Saturday 19 February 2011

Under the paving stones, the beach


I spent a good deal of yesterday afternoon sitting in a café not getting very far in writing a piece about British theatre criticism. So I gave up, went home and read a book.

At the moment I’m alternating between Stefan Aust’s Baader Meinhof Komplex (a remarkably good bit of journalism on which the catastrophic film of the same name is based) and Lipstick Traces, Greil Marcus’s book about the Sex Pistols, which draws on everything from Guy Debord, the situationists to Theodor Adorno in one of the most page-turning bits of cultural history I’ve ever read.

As it turns out, the latter offers plenty that resonated. So here, in lieu of an actual essay on British theatre criticism, theatre-making and the blogosphere, are a bunch of quotes and scans from Lipstick Traces. Think of it as a series of reflections and provocations.

Early on Marcus quotes from Margaret Drabble’s The Ice Age (not a novel I’d previously heard of):

“All over the nation, families who had listened to the news looked at one another and said, “Goodness me,” or “Whatever next,” or “I give up,” or “Well, fuck that,” before embarking on an evening’s viewing of colour television, or a large hot meal, or a trip to the pub, or a choral society evening. All over the country, people blamed other people for the things that were going wrong – the trades unions, the present government, the miners, the car workers, the seamen, the Arabs, the Irish, their own husbands, their own wives, their own idle, good-for-nothing offspring, comprehensive education. Nobody knew whose fault it really was, but most people managed to complain fairly forcefully about somebody; only a few were stunned into honourable silence. Those who had been complaining for twenty years about the negligible rise in the cost of living did not, of course, have the grace to wish they had saved their breath to cool their porridge, because once a complainer always a complainer, so those who had complained most when there was nothing to complain about were having a really wonderful time now.”

A few pages later, Marcus is quoting the banner Malcolm McLaren hoisted over the last stages of the New York Dolls: “WHAT ARE THE POLITICS OF BOREDOM?” and compares it to the old Situationist slogan: “Boredom is always counterrevolutionary.” He observes: “– the line was typical of the situationist style, of its voice, a blindside paradox of dead rhetoric and ordinary language floated just this side of non-sequiteur, the declarative statement turning into a question as soon as you heard it; what does it mean? You already know, the situationists had answered: all you lack is the consciousness of what you know.” (p.49-50)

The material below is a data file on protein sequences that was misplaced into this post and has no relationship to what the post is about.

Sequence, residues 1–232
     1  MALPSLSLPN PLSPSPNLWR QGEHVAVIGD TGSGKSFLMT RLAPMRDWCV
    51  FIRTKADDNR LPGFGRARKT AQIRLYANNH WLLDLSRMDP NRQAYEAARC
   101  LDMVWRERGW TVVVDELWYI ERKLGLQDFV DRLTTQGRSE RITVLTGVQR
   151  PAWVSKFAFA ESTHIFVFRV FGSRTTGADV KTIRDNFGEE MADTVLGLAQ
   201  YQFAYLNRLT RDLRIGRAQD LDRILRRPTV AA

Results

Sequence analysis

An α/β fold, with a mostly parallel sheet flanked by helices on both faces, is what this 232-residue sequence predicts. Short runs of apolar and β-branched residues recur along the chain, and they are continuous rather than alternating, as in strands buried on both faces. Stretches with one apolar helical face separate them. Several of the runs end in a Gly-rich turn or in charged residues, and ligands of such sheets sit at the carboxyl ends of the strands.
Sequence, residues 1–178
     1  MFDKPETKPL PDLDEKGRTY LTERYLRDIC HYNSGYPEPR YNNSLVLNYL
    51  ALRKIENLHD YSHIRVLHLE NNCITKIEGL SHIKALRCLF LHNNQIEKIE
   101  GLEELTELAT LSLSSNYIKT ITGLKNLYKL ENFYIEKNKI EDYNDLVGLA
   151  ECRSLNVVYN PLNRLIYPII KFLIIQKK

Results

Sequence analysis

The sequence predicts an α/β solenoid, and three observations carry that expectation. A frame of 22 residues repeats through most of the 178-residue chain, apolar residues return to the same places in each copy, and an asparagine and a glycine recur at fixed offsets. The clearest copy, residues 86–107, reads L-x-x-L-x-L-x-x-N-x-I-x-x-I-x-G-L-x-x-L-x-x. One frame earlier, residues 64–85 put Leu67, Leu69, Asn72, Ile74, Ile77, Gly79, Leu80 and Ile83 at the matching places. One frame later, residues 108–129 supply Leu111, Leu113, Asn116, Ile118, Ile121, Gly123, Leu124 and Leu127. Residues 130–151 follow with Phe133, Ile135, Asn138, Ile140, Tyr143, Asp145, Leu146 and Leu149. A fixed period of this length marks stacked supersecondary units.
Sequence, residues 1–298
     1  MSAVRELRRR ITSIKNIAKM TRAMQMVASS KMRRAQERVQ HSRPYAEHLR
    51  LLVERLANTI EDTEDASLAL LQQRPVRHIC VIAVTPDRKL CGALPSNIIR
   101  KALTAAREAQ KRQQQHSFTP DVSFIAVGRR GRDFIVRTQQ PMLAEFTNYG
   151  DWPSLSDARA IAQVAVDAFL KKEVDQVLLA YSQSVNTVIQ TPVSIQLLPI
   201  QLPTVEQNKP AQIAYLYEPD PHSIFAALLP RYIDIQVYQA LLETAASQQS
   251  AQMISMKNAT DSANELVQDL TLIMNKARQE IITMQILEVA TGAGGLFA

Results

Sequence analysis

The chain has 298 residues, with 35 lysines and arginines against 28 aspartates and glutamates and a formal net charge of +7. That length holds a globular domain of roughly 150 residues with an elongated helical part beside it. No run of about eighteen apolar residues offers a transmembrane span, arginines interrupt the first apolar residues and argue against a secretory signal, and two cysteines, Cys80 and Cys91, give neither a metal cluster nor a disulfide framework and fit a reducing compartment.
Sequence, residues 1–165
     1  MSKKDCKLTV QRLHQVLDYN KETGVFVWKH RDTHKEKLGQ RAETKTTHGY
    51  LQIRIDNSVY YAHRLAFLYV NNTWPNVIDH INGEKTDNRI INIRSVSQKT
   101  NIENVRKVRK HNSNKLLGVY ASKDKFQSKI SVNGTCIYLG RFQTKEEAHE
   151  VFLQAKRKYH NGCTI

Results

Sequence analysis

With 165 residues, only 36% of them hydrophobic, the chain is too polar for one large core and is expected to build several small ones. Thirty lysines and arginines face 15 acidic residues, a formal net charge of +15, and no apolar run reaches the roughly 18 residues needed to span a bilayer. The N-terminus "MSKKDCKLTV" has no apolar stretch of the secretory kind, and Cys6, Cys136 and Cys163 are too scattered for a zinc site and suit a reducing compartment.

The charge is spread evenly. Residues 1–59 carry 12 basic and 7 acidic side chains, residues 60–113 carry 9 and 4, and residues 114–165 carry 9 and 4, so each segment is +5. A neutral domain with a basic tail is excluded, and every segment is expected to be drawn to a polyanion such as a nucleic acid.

On punk’s sudden, massive proliferation (see also: Chris Goode’s recent reminder of Scritti Politi’s DIY call-to-arms): “Over the next few years, far more than fifteen thousand groups of people made records. They made a blind bet that someone might be interested in they sounded like or what they had to say, that they themselves might be interested. Some were bent on fame and money, and some were not; some wanted most of all a chance to announce themselves, or anyway to change the world.” (p.65)

Four pages later he’s quoting Benjamin: ‘“The art of the critic in a nutshell,” Walter Benjamin wrote in 1925-26 in One-Way Street: “to coin slogans without betraying ideas. The slogans of an inadequate criticism peddle ideas to fashion.”’ (p.69)

“People cut records not so much on the off-chance that they would hit, but to join in: to say “I’m here” or “I hate you” or “I have a big cock” or “I have no cock.” Teenagers discovered the thrill of shouting “FIRE” in a crowded theater – or even in an empty theater.” (p.76 – Marcus, not Benjamin now)

Lester Bangs: “The punk stance is riddled with self-hate, which is always reflexive, and any time you conclude that life stinks and the human race mostly amounts to a pile of shit, you’ve got the perfect breeding ground for fascism.” (p.80)

The book also shares this four-page situationist-inspired leaflet from London at the beginning of the 1980s, which reminded me of London's ongoing demonstrations:

[click on image to enlarge]

Hope that helped in some way.

1 comment:

Jana said...

I used Lipstick Traces for my thesis last year (while reading Ulrike Meinhof's columns (!), which I found depressingly insightful), and it pleases me to no end that someone else I know is reading it. I loved plowing through it slowly, always unsure of what its point was (I took it to be an alternative history of the 20th century indeed, not of Sex Pistols), until it slowly got to it by the end.

What's most interesting, it seems to me that its ideas about the world (pursuit of ecstasy, ludic rebellion) have just become obsolete. We have just entered some other moment in time, exemplified more by the circular uneventfulness of 500 Days of Summer than by the revolutionary potential of Shoujo Kakumei Utena (to take two examples from pop culture). Although I imagine that, as the member of the generation before mine, you wouldn't know about Utena...?